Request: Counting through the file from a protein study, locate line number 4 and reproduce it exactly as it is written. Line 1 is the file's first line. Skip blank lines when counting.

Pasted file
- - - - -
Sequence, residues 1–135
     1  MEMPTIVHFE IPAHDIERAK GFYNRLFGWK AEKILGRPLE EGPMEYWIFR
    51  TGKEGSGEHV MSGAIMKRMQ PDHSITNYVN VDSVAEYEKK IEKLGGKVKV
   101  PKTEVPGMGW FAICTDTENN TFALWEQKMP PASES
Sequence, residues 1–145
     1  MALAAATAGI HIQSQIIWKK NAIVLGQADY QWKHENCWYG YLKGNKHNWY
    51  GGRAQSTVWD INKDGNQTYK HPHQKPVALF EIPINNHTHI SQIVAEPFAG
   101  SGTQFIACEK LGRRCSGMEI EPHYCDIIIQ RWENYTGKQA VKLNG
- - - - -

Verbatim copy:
   101  PKTEVPGMGW FAICTDTENN TFALWEQKMP PASES